State Counselor Karin: Kazakhstan Set to Continue Political Reforms Through 2023

ASTANA – The political agenda of 2023 in Kazakhstan will be determined by the vector of political reforms set forward by the country’s leadership, according to State Counselor Erlan Karin.

State Counselor Erlan Karin. Photo credit: Akorda.

“First of all, it concerns the continuation of the practical implementation of the results of the national referendum to update the Constitution of the country,” he wrote in his Telegram channel. 

Karin referred to last year’s constitutional referendum that introduced 56 amendments to one-third of the nation’s Constitution. Among the key ones were shifting from a super-presidential form of government to a presidential form of government with a strong parliament, limiting the powers of the President, abolishing the death penalty, and introducing a mixed electoral system in the Mazhilis.

On Jan. 19, President Kassym-Jomart Tokayev announced early elections to the Mazhilis, the lower chamber of the Parliament, and maslikhats, the local administrative bodies, to be held on March 19, after he dissolved the chamber and terminated the powers of the maslikhats. 

The idea to hold early elections to the Mazhilis and maslikhats was put forward by President Tokayev in his state-of-the-nation address on Sept. 1. 

Mentioning the key features of the upcoming elections, Karin said 29 out of 98 deputies in the chamber would be elected from single-mandate districts for the first time since 2004.

The candidates may be nominated by political parties, non-governmental organisations (NGOs), or self-nominated. The threshold for political parties to get seats in the Mazhilis has been reduced from 7 percent to 5 percent. 

Karin also highlighted the importance of a 30 percent quota for women, youth and persons with disabilities on the electoral lists of party lists.

This year, at least seven political parties will compete for seats in the Mazhilis. Two new parties, the Baitak party and the Respublica party, have registered since the amendments came into force.

The state counselor also spoke about the Constitutional Court, which began its work on Jan. 1, 2023. 

“It will introduce a new system of protection of fundamental rights of citizens with the new constitutional status of the Human Rights Commissioner and the Prosecutor General’s Office and establishment of the new position of the Ombudsperson for protection of socially vulnerable categories of the population,” he continued.

The court, which consists of 11 judges, ruled its first decision on Jan. 10, repealing the law on the First President that had granted Nursultan Nazarbayev exclusive rights and privileges, including retention of his and his family’s financial wealth and immunity from actions made while president and after.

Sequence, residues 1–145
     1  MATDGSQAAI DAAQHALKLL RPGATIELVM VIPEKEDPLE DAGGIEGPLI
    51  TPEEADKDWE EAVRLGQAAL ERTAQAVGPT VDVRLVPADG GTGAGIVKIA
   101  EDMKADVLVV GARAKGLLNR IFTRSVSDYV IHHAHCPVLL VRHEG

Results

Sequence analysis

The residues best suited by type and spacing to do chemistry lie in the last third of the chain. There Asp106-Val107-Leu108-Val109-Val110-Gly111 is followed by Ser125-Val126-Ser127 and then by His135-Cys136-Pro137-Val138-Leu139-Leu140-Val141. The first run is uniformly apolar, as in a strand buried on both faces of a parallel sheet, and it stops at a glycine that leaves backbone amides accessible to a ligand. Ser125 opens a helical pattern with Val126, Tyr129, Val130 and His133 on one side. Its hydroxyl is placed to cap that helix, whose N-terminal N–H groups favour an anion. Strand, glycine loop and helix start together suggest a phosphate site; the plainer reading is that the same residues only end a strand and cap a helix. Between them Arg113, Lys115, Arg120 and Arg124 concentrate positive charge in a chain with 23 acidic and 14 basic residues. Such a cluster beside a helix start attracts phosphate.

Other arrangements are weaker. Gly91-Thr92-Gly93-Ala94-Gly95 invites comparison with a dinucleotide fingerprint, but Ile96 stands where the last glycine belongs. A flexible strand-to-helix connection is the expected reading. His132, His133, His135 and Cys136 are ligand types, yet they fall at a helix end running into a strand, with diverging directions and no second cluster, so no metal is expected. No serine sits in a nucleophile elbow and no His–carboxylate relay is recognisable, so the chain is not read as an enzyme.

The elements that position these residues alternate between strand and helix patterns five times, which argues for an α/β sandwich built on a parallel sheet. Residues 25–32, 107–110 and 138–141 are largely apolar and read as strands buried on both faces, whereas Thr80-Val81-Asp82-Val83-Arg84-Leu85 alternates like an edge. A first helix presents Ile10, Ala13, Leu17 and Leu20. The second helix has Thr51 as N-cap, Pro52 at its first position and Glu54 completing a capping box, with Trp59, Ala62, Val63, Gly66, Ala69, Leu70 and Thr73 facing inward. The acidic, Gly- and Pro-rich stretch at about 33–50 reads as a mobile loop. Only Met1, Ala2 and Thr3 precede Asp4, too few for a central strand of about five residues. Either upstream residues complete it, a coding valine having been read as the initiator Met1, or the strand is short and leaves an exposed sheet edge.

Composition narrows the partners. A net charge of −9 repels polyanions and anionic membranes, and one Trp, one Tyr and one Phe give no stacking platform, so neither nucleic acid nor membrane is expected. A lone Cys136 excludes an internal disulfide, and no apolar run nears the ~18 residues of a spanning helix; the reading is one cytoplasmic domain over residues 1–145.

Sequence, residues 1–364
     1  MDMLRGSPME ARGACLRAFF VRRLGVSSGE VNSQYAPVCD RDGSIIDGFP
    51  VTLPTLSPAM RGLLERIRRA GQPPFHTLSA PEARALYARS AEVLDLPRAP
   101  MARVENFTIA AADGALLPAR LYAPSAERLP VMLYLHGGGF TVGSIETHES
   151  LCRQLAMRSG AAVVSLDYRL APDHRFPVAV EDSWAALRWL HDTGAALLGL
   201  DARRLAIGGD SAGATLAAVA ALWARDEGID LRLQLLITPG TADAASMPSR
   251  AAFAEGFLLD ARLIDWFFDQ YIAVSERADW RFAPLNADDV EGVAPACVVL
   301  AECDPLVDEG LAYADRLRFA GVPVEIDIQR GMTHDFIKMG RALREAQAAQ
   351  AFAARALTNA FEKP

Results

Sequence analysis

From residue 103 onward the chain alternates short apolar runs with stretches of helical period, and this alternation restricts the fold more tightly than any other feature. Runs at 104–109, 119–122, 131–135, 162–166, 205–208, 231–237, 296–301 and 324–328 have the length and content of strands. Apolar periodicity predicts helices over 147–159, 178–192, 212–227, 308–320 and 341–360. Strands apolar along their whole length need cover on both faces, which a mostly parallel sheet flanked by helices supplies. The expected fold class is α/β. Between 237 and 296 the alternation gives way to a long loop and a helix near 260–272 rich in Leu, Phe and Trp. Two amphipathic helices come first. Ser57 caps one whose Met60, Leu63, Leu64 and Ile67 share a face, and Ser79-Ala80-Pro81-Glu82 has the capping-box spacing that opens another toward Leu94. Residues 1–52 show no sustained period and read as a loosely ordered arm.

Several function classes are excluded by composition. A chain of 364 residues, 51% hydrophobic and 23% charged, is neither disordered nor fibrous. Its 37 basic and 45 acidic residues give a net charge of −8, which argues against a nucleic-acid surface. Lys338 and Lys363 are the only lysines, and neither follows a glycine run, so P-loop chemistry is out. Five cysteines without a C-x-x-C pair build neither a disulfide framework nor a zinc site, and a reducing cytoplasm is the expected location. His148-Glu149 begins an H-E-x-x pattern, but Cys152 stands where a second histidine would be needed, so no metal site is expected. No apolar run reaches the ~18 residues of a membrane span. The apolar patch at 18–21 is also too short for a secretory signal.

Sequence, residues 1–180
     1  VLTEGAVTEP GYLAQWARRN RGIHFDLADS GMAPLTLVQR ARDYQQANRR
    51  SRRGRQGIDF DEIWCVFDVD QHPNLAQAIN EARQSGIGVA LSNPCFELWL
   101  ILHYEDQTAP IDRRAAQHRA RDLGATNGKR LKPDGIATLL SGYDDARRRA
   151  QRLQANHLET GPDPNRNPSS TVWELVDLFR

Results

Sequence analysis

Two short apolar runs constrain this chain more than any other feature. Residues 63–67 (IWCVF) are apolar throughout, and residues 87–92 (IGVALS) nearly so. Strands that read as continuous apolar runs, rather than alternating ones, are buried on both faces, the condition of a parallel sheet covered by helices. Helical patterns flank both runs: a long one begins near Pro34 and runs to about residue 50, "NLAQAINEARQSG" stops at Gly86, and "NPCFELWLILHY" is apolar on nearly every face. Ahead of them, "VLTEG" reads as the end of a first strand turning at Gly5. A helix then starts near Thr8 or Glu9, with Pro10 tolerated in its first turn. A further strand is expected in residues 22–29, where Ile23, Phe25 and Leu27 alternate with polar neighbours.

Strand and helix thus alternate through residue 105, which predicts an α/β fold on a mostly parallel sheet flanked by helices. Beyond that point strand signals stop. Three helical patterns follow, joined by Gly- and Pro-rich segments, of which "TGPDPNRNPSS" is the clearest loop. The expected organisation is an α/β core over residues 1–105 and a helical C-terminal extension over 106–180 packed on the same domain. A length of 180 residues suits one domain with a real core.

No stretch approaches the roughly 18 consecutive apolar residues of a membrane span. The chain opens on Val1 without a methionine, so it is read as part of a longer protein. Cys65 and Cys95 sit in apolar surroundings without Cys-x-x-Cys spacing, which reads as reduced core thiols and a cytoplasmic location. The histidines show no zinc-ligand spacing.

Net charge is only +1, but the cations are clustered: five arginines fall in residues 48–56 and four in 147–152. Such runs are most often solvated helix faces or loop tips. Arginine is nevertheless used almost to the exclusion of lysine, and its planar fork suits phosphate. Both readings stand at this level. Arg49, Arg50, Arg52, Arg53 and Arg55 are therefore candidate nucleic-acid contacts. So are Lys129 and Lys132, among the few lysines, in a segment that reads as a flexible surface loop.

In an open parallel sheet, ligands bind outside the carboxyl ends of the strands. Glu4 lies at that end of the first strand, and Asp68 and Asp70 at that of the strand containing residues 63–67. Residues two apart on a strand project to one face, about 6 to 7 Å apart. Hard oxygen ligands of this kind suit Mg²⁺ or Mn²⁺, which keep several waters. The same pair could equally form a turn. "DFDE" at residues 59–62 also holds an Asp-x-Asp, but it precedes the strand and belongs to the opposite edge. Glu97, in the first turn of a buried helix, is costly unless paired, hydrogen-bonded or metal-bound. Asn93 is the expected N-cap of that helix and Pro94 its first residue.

Describing what 2022 has been for Kazakhstan, Karin said it was “one of the most difficult, but also significant years in the modern history of Kazakhstan.”

“After the January events and amid the rising global tensions, a certain demand for consolidation was formed in the society,” he said, emphasizing the importance of last year’s national referendum and the presidential election. “The society and the state have the same understanding of the prospects of the country’s development. That is why one of the main political results of the outgoing year is that the leadership succeeded in supporting and bringing social consolidation to a new level.”

The establishment of the Ulttyk Kurultai (National Congress in Kazakh) and its first meeting in the Ulytau Region in June were among the key highlights. 

Addressing the meeting of the 117-member Kurultai in June, President Kassym-Jomart Tokayev highlighted his priorities – strengthening national unity, communicating the reforms to the population, and expanding public involvement in decision-making.

According to Karin, the Kurultai “develops the practice of a direct dialogue between the President and representatives of the public and the expert community, through which they can personally convey their ideas and proposals.”

Karin further said in 2022 Kazakhstan pursued a more proactive foreign policy.

“Despite the difficult geopolitical circumstances, our country continued to lead a calibrated but dynamic foreign policy. We developed mutually beneficial cooperation with all of our key partners. The president’s visits to China, Russia, Türkiye, the United Arab Emirates, Iran, Qatar, Saudi Arabia, Azerbaijan, France and Uzbekistan gave new content to the multi-vector foreign policy of our country in conditions of global turbulence,” he said.

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